In a bid to capture the perfect wedding day, Tara Pearce spends her weekends chasing brides around the beach, the paddocks or inner city venues, with business partner and photographer in crime Erin Neale – aka Erin to the Tara of Erin + Tara wedding photography fame.
During the week, however, Tara goes it alone and gets busy shooting homes and creative spaces in and around Melbourne and home town Kyneton, successfully capturing the essence of the spaces and people she shoots with a sense of wonder and candour that has the viewer both intrigued and wanting for more.
A relatively newcomer to the photography world, we thought we’d ask Tara to share with us how she came to pursue her craft and to shed light on any advice she may have for those looking to spread their creative wings and break into the industry.
Tell us about your background – what did you study and how did you first get in to Photography?
I studied business at uni and I was destined to work in our family home wares importing business. After a year of trade shows, merchandising, buying trips in China, bagging oasis and cutting wheat from a paddock at 11pm for a large national apparels store’s window display (…nightmare), I decided I needed a more structured career and worked in the Government sector for 7 years. It suited me and had amazing benefits for a working mother but something was pulling me in a creative direction. I knew I wasn’t destined to sit at a desk for the rest of my work life. It was two years ago when I took time off work to opened a vintage + industrial furniture store in Kyneton (my home town) and during this time I gave styling a bash. But I found it wasn’t filling a creative void so my husband bought me my first real (DSLR) camera and with the help of google I learned how to use it.
What advice would you give to creatives trying to get into the industry? And what was the best piece of advice you were given when you were starting out?
Find who you want to work for/with and contact them. It’s that easy! The worst thing that could happen is you get no response (editors are very busy people), but hey I bet they read your email and now know you exist. A year ago I directly emailed a national magazine editor and 6 months later I was thrilled to receive a response which was filled with constructive feedback (which I took on board). We regularly exchange emails and I have since had my work featured in the magazine. The best piece of advice I was given was to find my style and stick to it.
Did you have a mentor who helped you develop as a photographer and taught you the tricks of the trade?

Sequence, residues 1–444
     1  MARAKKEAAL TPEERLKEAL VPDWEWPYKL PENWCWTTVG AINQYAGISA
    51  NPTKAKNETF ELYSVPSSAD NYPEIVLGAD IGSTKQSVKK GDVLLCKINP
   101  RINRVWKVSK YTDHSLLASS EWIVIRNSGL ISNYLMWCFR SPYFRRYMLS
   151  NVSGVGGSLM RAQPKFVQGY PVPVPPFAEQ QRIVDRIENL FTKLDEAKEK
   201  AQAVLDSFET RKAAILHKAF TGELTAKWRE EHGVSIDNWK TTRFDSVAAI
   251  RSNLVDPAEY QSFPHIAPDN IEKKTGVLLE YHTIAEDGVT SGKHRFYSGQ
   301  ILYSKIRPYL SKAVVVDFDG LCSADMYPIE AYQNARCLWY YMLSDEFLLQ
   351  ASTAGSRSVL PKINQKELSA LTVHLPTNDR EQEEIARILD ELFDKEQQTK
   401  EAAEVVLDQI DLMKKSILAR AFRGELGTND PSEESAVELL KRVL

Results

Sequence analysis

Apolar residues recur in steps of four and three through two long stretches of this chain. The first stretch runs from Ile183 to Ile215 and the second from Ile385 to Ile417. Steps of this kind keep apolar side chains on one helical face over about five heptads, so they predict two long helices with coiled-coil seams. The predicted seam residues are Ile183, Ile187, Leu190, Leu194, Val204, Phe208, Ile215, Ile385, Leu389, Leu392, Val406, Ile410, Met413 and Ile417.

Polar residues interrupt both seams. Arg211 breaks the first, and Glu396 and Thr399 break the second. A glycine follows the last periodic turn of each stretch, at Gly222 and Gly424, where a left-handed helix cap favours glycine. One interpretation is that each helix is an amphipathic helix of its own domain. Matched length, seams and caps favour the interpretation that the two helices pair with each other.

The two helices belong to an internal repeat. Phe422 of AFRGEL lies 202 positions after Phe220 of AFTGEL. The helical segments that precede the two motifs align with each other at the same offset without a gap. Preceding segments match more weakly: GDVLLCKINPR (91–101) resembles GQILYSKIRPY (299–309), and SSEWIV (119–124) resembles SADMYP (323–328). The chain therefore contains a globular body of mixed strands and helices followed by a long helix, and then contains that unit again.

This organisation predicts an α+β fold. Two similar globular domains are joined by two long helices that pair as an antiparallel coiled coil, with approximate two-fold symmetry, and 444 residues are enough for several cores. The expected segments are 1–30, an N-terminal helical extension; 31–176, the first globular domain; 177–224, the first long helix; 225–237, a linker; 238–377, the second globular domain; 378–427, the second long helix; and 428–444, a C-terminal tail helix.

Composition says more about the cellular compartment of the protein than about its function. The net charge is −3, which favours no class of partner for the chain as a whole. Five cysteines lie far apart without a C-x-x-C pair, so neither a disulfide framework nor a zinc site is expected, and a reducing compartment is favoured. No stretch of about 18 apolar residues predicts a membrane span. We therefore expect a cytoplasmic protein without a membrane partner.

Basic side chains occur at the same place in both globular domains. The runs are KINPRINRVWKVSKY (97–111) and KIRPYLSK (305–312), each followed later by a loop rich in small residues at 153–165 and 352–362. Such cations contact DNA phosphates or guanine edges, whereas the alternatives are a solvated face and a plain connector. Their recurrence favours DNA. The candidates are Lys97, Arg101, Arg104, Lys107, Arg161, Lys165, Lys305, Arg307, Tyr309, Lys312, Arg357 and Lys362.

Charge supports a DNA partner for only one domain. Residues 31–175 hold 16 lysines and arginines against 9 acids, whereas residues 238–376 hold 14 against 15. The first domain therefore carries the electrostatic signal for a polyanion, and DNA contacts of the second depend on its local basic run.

I’ve never had a me photography mentor, but I did assist the extremely talented photographer Wilk last year and walked away inspired all over again. I thank all the creative folks I have been fortunate enough to work with who have taught me tricks of the trade.
How has your style changed as you’ve grown as a photographer?
My style has naturally developed as I have gained more knowledge and experience. I would say it has definitely changed and has become more refined as I have gained more confidence. I’m always working on developing skills and I feel like I will never stop learning.
Who and what inspires you?
Creative people. My clients. Mother nature. My two children. Travel.
What are you working on at the moment?
Today I worked alongside talented stylist Sami Johnson shooting La De Dah Kids Summer 13 campaign. I have so much fun working with kids, they are a bundle of fun and full of surprises. I absolutely love watching my clients products develop as the seasons past, they are truly an inspiration.
Can you share with readers how you became involved with Est Magazine?
Est Magazine is a beautiful online magazine filled with creative and inspiring interiors in Australia and across the globe. After reading Issue #1 I was hooked and within minutes I was emailing co-editor Sain telling her I want to shoot for her magazine. It was meant to be.
What does a day in the life of Tara Pearce look like?
Strong coffee, school drop off, emails, location scouting, shooting beautiful homes, dreaming up visual concepts for clients, editing, school pick up, more editing + coffee, turn computer OFF, washing uniforms. (I’m very lucky my husband is the wonderful cook in this household!)
What has been the best moment in your career?
Recently learning a wedding I photographed with pal Erin (who by the way is a super amazing photographer), was featured in Vogue Italia.
And the worst?
Watching stylist Stephanie Stamatis fall down a flight of stairs on location with my camera in her hands. Steph walked away unharmed and so did the camera!
What would be your dream project to work on?
My dream project would be shooting traditional homes + people in Mexico and a wedding in the Arizona desert with an unlimited budget.
If you could do your creative career again, what would you do differently?
They say that timing is everything however I would of started my creative career much earlier. I knew it was there waiting for me, I just wish I had have tapped into it a lot sooner than I did.